Thursday, December 30, 2010
Types of Film: Kodachrome
Today is the last day that Kodak Kodachrome film will be developed. Dwayne's Photo in Kansas is the last place that develops the film in the way it was supposed to be developed and that will cease today when Dwayne develops the last roll before selling the machines for scrap. So, I decided, after several friends asked me what Kodachrome was and what the difference is between Kodachrome, E-6, C-41, etc. film, that I would take some time and write about each different type of film. Not just for those who were asking, but also because, being someone who quite likes history I thought it would be interesting to delve into the history of different films and their development.
So, with the demise of Kodachrome I thought I would start with...Kodachrome.
Kodachrome was created in the early 1930's by two musicians named Leopold Godowsky, Jr. and Leopold Mannes and manufactured by Eastman Kodak. It's life span ran from 1935 until 2009 when Kodak discontinued the manufacture of the film. It was possible to get the film developed until today, December 30th, 2010, but only at one place in the world, Dwayne's Photo in Kansas. Kodachrome had a number of ISO's that were discontinued in the following years: 2002 (ISO 25), 2005 (ISO 40 [8mm]), 2007 (ISO 200) and 2009 (ISO 64). There were quite a few formats available for the film as well: 16mm, 8mm, Super 8, 35mm movie, 35mm still, 120, 110, 126, 828 and 5"x4".
Kodachrome was a K-14 processed, color-reversal slide film (a type of film that produces a positive image on a transparent base) that had undergone 4 different alterations since it's introduction. The final, K-14 version was introduced in 1974; it was a complex system that required not only those specially trained with the chemicals, but also required the use of large and bulky machinery.
Why was it so difficult to develop Kodachrome? Well, Kodachrome film had no color dye couplers and as such the dyes were added during the processing in a separate step. Due to the decline in the need for the chemicals, they were all discontinued. Before getting into the short break-down of how the film is developed, let me point out the layers of the film, top to bottom: Blue sensitive (yellow), yellow filter, blue-green sensitive (magenta), blue-red sensitive (cyan), acetate base, rem-jet antihalation backing (as far as I can tell, this is a layer included to keep light from reflecting off the pressure plate of whatever else is behind the film; it ends up being washed away or turned transparent during processing). So...now on to the process of developing the film.
First the backing is removed. Then the first developer is applied, which causes all the exposed silver halide crystals to develop to a metallic silver. The yellow filter layer remains opaque due to its emulsion combination. The film is then washed before red light is re-exposed through the base which allows the remaining silver halide in the cyan layers to become developable. Now the Cyan developer can be added which contains a color developer and a cyan coupler which is colorless. After the color develops the silver, the developer, which has oxidized, reacts with the cyan coupler and forms a cyan dye. The film is then washed again before the blue-light re-exposure from the top which allows the undeveloped grains in the blue-sensitive layer (yellow) to become developable. The yellow filter layer, now opaque, keeps blue light from exposing the magenta. Then the yellow developer is added before another wash which is followed by the magenta developer. See? This is a lot and I'm not even done yet. Now, the magenta developer contains a chemical fogging agent that makes all the remaining undeveloped silver developable, then it's washed again. Then the film is conditioned with a conditioner which prepares the metallic silver for the bleach step, which oxidizes the metallic silver to silver halide. Finally, fixer is added before the film is washed a final time, rinsed and allowed to dry.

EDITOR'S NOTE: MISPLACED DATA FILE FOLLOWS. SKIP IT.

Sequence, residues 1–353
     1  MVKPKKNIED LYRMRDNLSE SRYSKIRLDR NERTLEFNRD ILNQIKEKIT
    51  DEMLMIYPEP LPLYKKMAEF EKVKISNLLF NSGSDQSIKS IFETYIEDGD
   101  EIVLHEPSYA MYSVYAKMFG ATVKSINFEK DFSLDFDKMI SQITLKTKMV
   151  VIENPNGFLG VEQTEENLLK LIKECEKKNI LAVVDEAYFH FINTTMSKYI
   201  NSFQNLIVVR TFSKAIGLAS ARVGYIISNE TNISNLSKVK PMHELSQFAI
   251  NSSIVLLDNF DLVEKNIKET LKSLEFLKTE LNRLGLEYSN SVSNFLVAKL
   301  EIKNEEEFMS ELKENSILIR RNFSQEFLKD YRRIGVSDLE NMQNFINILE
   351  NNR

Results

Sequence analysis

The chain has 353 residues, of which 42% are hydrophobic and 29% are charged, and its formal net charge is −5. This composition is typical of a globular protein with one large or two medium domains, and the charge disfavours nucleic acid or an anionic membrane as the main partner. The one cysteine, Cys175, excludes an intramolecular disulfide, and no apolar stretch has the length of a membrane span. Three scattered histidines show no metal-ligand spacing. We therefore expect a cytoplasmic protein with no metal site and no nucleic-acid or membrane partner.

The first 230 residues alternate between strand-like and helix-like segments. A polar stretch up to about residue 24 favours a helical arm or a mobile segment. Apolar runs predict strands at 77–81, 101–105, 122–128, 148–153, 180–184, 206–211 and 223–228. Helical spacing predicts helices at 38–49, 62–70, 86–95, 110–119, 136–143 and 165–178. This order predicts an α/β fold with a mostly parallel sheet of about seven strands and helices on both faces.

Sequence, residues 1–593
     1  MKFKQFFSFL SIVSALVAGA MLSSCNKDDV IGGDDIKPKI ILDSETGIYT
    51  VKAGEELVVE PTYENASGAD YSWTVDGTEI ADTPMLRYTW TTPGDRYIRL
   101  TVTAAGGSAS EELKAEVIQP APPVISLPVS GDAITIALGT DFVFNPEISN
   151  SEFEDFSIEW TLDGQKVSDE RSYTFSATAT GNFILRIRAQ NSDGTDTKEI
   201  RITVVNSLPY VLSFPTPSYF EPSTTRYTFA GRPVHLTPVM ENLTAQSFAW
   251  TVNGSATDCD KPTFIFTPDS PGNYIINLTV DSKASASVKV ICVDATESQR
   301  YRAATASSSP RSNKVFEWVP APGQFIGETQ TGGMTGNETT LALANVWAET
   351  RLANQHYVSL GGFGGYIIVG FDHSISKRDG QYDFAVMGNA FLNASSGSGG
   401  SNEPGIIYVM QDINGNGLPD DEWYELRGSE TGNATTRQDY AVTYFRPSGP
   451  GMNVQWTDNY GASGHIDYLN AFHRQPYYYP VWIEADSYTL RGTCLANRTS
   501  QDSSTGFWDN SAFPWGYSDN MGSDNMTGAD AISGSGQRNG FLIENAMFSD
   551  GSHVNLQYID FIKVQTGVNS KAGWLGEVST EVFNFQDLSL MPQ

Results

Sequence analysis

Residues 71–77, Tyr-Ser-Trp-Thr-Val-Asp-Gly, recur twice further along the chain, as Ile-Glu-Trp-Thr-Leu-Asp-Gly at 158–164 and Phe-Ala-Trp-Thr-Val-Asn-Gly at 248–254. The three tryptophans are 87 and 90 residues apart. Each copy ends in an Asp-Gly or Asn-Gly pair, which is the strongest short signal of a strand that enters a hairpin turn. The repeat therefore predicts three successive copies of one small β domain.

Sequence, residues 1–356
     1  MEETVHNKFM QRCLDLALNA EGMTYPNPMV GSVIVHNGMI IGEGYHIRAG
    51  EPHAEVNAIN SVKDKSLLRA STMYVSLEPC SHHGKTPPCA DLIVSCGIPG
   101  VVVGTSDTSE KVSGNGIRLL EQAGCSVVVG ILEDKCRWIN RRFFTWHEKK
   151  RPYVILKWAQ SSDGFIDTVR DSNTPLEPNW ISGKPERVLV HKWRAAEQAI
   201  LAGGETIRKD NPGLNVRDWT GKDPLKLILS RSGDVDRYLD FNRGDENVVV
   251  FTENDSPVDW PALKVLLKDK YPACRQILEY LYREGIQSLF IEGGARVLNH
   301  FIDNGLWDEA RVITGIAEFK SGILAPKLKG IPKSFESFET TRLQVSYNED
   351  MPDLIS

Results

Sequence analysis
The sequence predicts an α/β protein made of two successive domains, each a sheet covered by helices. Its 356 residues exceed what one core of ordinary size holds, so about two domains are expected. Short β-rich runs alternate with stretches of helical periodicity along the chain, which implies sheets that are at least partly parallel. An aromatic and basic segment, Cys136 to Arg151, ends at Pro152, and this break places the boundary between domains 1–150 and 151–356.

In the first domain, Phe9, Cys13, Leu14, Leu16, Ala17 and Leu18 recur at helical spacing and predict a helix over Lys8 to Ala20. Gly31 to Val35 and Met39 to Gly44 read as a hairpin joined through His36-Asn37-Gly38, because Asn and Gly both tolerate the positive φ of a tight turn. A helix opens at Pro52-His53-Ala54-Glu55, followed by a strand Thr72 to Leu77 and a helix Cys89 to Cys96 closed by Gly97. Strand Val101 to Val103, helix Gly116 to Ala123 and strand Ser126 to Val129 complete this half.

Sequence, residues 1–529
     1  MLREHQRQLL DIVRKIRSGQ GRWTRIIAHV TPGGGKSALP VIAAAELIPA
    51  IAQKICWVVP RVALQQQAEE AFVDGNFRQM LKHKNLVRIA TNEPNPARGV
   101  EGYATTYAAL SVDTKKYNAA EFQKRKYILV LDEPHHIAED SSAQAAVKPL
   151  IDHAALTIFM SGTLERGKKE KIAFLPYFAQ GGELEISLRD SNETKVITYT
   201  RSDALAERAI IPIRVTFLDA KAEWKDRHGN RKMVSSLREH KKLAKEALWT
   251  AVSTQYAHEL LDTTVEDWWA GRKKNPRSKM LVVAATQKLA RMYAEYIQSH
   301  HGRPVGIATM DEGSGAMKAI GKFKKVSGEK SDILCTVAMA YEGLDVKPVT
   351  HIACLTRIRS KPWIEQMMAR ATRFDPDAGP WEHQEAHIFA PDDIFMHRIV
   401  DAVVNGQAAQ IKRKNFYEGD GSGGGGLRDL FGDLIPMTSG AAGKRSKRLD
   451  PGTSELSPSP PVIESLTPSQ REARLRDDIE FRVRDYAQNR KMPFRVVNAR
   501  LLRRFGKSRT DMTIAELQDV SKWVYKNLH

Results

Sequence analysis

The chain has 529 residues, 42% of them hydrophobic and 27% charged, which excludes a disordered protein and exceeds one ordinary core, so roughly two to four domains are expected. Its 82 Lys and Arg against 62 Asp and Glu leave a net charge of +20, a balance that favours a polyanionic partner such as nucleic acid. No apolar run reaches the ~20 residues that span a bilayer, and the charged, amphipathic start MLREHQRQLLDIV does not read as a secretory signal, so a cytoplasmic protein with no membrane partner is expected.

Yeesh! What a process! But, it was all worth it in the end because Kodachrome is well-liked for its amazing color-capturing ability and its dark-storage longevity. However, it is inferior to the E-6 process when used in slide projection.
Another part of Kodachrome's demise was the emergence of other films like Fuji's Fujichrome and Kodak's own Ektachrome which was less complex and faster to develop. I've never personally owned any Kodachrome, but I have dealt with (not developed on my own) both Ektachrome (which I had made into slides and also cross-processed with C-41 chemicals, on several different occasions) and Fuji's Velvia (which creates some beautiful, killer cross-processed images). It's sad to see a product of American history laid to rest after almost 3/4 of a century, but at least we have some of the most beautiful, colorful images that will last a long time. Oh, you can still get Kodachrome developed at some place called Film Rescue, but it's black and white only and it's quite expensive.
I gathered my information for this post from a PDF from Kodak on the processing of Kodachrome, as well as wikipedia (http://en.wikipedia.org/wiki/kodachrome) and Kodak's website.